Delayed Aortic Trauma Repair May Improve Survival
By University of Cincinnati
Apr 15, 2006, 18:14
Patients who live through the first 24 hours of a blunt (non-penetrating) aortic trauma injury may have a better chance of long-term survival if repair to the damaged artery is delayed, surgeons at UC say.
This finding is reported by Amy Reed, MD, assistant professor of surgery at UC, in the April edition of the Journal of Vascular Surgery.
The aorta is the main artery that carries oxygenated blood from the heart to be distributed throughout the body. A severe blunt thoracic injury, often the result of the sudden “deceleration” experienced in an auto accident, can jerk the aorta forward and back again, causing it to crack.
“The real problem is that most people die from blunt thoracic aortic trauma before ever reaching a hospital, and about 50 percent of those who do make it will die within a few hours,” explains Dr. Reed.
“Unfortunately even if the aorta is repaired immediately,” she adds, “the patient almost always has other, equally life-threatening injuries that jeopardize their overall recovery and survival.”
Dr. Reed and her team wanted to know if there was a later time frame in which blunt thoracic aortic trauma injuries could be safely repaired, allowing surgeons to first address related—and often fatal—injuries.
If all three layers of the aorta rupture immediately, Dr. Reed explains, the patient dies almost instantly from blood loss. If the outer layer remains intact, however, a weakened area called a pseudoaneurysm can form—which temporarily contains the tear in the vessel, but can burst later.
“This gives us a window of opportunity to get blood pressure under control and prevent further damage to the body,” Dr. Reed explains. “Once the patient is stabilized, we can thoroughly assess the patient’s condition and begin addressing associated—and often just as life-threatening—injuries.”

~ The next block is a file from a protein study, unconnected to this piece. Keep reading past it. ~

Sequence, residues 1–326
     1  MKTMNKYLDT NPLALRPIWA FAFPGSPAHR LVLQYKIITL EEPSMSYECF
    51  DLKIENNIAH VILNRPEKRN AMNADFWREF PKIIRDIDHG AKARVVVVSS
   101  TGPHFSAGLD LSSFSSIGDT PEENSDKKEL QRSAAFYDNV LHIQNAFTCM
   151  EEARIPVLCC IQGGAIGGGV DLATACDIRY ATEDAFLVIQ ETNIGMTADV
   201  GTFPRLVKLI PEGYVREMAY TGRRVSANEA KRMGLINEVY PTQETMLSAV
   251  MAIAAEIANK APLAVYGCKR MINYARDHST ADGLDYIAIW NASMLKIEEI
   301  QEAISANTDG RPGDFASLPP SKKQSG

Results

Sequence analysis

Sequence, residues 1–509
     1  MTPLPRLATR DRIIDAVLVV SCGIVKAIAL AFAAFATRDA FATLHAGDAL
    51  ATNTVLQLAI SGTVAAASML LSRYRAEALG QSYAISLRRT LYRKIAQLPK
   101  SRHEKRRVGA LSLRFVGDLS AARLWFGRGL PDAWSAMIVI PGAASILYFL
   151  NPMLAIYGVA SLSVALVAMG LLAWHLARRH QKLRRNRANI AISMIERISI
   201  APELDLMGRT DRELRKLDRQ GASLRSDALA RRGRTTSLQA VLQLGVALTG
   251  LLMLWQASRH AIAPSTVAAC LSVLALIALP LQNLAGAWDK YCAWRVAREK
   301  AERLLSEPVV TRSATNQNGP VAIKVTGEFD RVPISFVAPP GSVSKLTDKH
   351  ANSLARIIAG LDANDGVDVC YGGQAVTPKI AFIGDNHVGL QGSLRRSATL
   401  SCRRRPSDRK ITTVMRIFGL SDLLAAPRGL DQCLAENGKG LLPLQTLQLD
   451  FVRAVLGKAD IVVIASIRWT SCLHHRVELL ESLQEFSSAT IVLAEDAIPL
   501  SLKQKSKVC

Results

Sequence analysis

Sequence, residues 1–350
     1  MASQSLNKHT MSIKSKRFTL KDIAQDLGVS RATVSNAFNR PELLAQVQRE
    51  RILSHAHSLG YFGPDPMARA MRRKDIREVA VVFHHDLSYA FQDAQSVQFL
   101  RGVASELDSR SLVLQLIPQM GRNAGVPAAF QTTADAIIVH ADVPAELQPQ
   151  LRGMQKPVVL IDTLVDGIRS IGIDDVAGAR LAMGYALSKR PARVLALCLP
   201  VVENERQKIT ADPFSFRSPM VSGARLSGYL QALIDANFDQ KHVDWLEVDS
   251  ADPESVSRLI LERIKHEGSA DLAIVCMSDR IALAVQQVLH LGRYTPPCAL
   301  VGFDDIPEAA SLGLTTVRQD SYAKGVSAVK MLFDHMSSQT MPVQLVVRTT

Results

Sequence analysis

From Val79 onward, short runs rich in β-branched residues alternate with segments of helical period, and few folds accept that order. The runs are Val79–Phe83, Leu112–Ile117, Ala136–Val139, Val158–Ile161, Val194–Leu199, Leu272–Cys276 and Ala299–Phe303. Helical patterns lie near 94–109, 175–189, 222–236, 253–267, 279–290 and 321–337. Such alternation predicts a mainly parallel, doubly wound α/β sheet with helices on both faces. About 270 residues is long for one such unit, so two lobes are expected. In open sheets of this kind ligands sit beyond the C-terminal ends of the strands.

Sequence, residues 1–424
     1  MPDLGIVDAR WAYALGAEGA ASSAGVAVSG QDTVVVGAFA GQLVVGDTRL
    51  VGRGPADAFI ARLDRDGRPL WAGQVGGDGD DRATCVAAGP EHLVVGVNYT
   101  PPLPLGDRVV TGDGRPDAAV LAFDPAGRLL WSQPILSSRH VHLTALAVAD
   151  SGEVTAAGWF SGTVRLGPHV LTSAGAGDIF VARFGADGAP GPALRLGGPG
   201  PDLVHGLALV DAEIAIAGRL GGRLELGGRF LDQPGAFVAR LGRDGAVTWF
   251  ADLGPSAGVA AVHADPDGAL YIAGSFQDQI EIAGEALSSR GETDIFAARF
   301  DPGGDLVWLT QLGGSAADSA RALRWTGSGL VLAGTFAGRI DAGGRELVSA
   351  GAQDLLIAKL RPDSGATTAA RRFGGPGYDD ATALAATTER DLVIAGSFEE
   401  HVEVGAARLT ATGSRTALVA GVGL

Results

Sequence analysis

“Creating this type of carefully controlled scenario allows us to come back and repair the aorta days, weeks, and sometimes even months later when the patient’s body is better able to tolerate it,” she adds.
Dr. Reed analyzed 51 cases of blunt thoracic aortic trauma treated at University Hospital—including the severity of accompanying injuries, time from trauma to repair, surgical method (open versus endovascular) and survival outcomes. Of the 24 patients who made it to the operating room, 13 (54 percent) were stabilized and then had successful delayed endovascular repair. Nine patients (38 percent) had immediate open repair, one of whom died during the procedure. Two patients (8 percent) had delayed open repair.
This data suggests that in some cases it is better to wait and repair the thoracic aortic injury with the minimally invasive (endovascular) technique, says Dr. Reed.
“If surgeons can take care of other injuries—such a bleeding liver or serious head injury—first and then safely address the thoracic aortic trauma injury when the patient is stabilized, there will be a better chance of surviving,” she says.
This approach also allows the surgeon to gather the ideal equipment and team to fix the injury.
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